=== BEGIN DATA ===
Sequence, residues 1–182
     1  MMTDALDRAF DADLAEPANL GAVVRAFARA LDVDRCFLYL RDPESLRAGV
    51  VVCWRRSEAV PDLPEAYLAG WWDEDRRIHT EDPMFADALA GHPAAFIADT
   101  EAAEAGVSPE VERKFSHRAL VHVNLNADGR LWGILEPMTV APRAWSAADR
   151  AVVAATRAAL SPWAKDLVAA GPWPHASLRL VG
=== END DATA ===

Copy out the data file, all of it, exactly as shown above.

Sequence, residues 1–182
     1  MMTDALDRAF DADLAEPANL GAVVRAFARA LDVDRCFLYL RDPESLRAGV
    51  VVCWRRSEAV PDLPEAYLAG WWDEDRRIHT EDPMFADALA GHPAAFIADT
   101  EAAEAGVSPE VERKFSHRAL VHVNLNADGR LWGILEPMTV APRAWSAADR
   151  AVVAATRAAL SPWAKDLVAA GPWPHASLRL VG